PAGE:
Did you have high triglycerides following your hysterectomy? How did you lower your high numbers?

Triglycerides are a kind of lipid (fat) found in your blood. They are different from cholesterol. Triglycerides store unused calories to provide your body with energy between meals. They build up in your fat cells and bloodstream if you consistently consume more calories than you need—particularly if those calories are from simple carbohydrates and fats.

Read more about Body Chemistry: Triglycerides.

How do you prevent night sweats? What has helped?

Night sweats refer to any excess sweating that occurs during the night and are similar to hot flashes you get during the day. They result in profuse sweating. They are dreaded — striking without warning and won’t stop until they’ve gotten you out of bed. If this sounds familiar, try these tips to stop night sweats before they happen!

Read more about 7 Ways to Prevent Night Sweats

Did you have a seroma following your hysterectomy? What is a seroma? How is it treated?

A seroma is an accumulation of fluid that can occur after any kind of surgery, including a hysterectomy. It is normally a clear fluid that is leaking from damaged blood and lymphatic vessels through an incision. Small seromas may not require any treatment; they often resolve on their own. Larger seromas may require that the fluid be removed, usually with a needle. If the fluid doesn’t stop accumulating, the fluid may need to be drained multiple times, or a drain may be placed at the site.

Read more about Seroma Risk after Hysterectomy

Did your hysterectomy get changed from a laparoscopic to abdominal?

There should be little, if any, change in the anesthesia plan if your surgery is converted from a laparoscopic to an abdominal hysterectomy. Both of these types of hysterectomy require general anesthesia with an endotracheal (breathing) tube along with muscle relaxation.

Read more about Anesthesia | What if My Hysterectomy Is Converted from Laparoscopic to Abdominal?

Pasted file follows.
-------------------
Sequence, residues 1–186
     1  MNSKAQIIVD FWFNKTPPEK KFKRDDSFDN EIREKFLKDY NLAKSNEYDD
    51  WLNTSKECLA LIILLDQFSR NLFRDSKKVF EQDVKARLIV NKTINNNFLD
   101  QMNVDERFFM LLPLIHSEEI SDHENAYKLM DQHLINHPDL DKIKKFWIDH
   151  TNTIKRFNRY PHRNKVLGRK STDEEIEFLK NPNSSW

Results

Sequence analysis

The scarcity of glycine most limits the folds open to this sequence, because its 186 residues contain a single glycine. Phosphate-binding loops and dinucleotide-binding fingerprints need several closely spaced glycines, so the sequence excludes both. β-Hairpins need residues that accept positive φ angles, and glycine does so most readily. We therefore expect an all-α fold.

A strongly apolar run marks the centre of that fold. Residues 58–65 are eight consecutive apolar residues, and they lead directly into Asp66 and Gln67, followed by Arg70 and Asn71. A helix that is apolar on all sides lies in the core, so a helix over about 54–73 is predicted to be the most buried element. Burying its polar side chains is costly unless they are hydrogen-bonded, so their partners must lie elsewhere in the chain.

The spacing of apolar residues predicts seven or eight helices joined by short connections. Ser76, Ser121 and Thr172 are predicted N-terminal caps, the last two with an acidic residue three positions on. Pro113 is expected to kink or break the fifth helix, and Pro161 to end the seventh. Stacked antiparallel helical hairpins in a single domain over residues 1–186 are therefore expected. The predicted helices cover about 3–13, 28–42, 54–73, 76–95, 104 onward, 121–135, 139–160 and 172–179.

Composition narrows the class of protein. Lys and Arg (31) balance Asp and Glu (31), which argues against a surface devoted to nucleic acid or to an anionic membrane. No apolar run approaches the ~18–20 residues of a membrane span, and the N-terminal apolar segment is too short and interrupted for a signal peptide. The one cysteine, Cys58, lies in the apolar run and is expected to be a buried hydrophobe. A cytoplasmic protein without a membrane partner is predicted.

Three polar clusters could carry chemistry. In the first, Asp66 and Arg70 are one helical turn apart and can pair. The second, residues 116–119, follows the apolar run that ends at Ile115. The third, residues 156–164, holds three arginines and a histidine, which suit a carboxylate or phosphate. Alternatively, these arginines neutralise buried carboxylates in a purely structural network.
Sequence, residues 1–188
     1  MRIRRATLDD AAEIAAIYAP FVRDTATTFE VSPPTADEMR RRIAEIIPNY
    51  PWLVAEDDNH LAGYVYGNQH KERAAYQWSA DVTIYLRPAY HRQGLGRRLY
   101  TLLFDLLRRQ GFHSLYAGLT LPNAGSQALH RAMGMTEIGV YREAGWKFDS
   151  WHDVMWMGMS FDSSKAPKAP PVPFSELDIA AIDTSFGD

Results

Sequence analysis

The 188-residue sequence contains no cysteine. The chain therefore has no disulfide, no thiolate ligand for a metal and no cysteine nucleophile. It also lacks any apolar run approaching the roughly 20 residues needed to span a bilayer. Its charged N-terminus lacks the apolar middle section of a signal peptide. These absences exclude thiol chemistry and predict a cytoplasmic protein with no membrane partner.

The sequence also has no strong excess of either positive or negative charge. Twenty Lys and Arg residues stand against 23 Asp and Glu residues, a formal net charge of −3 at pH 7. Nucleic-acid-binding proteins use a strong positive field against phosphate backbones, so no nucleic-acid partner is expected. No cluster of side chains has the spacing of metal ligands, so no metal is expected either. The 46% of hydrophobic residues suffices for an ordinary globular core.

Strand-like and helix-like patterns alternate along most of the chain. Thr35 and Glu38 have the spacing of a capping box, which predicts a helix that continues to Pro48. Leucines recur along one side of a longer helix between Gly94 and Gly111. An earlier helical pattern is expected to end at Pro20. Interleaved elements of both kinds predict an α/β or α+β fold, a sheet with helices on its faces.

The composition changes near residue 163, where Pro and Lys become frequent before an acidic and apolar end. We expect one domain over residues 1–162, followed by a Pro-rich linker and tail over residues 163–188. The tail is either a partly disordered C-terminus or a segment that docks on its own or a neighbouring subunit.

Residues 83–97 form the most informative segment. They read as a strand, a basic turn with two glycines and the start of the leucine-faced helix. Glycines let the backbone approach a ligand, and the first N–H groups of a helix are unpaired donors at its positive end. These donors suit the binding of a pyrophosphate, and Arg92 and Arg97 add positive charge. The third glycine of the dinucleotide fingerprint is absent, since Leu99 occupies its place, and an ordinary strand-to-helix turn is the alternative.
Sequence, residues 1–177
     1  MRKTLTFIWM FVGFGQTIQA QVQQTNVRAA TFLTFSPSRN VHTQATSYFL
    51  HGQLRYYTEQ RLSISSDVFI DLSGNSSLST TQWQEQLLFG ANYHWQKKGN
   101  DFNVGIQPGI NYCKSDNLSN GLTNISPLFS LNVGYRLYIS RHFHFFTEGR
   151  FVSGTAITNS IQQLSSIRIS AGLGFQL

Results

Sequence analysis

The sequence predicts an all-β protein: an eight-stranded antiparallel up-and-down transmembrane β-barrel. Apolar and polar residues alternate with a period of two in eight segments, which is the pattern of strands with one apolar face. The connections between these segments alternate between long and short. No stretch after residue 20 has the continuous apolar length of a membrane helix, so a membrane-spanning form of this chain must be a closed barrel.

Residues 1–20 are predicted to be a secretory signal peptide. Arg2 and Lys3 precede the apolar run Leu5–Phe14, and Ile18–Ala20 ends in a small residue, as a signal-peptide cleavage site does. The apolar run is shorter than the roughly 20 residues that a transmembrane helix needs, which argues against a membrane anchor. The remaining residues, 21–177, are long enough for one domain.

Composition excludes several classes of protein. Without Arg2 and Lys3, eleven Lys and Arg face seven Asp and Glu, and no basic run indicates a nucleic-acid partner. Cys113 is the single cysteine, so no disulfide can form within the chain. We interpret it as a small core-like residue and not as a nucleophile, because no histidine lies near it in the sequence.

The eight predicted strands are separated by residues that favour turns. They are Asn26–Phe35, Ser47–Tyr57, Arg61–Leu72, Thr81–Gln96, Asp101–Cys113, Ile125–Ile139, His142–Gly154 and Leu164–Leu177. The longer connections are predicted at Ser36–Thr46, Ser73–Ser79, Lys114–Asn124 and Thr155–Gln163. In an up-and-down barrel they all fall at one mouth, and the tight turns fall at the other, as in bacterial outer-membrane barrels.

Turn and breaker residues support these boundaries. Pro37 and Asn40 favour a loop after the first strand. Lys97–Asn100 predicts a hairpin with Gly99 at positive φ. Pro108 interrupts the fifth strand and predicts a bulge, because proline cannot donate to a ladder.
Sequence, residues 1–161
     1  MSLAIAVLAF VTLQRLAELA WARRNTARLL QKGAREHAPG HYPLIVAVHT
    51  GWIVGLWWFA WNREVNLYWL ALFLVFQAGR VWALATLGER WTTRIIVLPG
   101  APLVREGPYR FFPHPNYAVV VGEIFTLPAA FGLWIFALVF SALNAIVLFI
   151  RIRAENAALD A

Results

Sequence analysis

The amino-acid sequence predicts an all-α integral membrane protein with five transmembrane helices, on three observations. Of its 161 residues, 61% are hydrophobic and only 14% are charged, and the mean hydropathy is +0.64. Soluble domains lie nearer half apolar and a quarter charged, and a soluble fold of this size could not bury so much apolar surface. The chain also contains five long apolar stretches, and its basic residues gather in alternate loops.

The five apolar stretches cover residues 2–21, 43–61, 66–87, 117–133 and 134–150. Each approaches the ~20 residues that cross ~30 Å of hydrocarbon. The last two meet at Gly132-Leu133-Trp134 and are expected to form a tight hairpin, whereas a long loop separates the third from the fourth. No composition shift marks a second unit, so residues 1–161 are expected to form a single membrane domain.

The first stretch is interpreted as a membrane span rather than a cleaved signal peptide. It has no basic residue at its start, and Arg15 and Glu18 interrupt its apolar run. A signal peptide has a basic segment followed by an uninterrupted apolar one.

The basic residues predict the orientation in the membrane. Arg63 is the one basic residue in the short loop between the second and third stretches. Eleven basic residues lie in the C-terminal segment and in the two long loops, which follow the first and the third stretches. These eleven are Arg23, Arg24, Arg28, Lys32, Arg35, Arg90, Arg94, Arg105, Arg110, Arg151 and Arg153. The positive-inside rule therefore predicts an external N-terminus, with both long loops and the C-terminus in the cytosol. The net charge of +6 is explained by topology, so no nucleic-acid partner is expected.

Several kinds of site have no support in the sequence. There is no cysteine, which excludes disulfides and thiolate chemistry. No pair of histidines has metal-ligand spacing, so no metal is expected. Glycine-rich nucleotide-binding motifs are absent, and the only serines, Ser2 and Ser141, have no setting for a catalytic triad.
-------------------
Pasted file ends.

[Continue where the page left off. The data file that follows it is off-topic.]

Have you been diagnosed with osteopenia? Were you given medication to help?

Osteopenia refers to low bone mineral density that is not yet low enough to be classified as osteoporosis. Everyone loses bone mass as they get older, so it is something to watch beginning in your thirties. Osteopenia can be treated with bone building medications before it develops into osteoporosis. Here are some comments by HysterSisters about their experiences taking Actonel, Fosamax, or other bone density treatments.

Read more about Osteoporosis | Bone Density Concerns

Did you have blurry vision following your hysterectomy?

There can be multiple reasons for blurred vision following surgery: anesthesia, medications, positioning during surgery, changes in the body and lifestyle following surgery, and hormones.

One of the side effects of the anesthesia medications can be blurry vision, which should not last more than a few hours or a few days.

Read more about Blurry Vision after Hysterectomy

When did you meet with your anesthesiologist? What questions were helpful for you?

Your anesthesiologist will play a critical role in your hysterectomy. It will be his job to ensure you are comfortable and safe during your surgery. He will be responsible for keeping you asleep and/or sedated during the actual procedure. He will monitor your heart, lungs, temperature, and oxygen levels during the surgery.

Read more about Anesthesia | Talking to the Anesthesiologist before Your Hysterectomy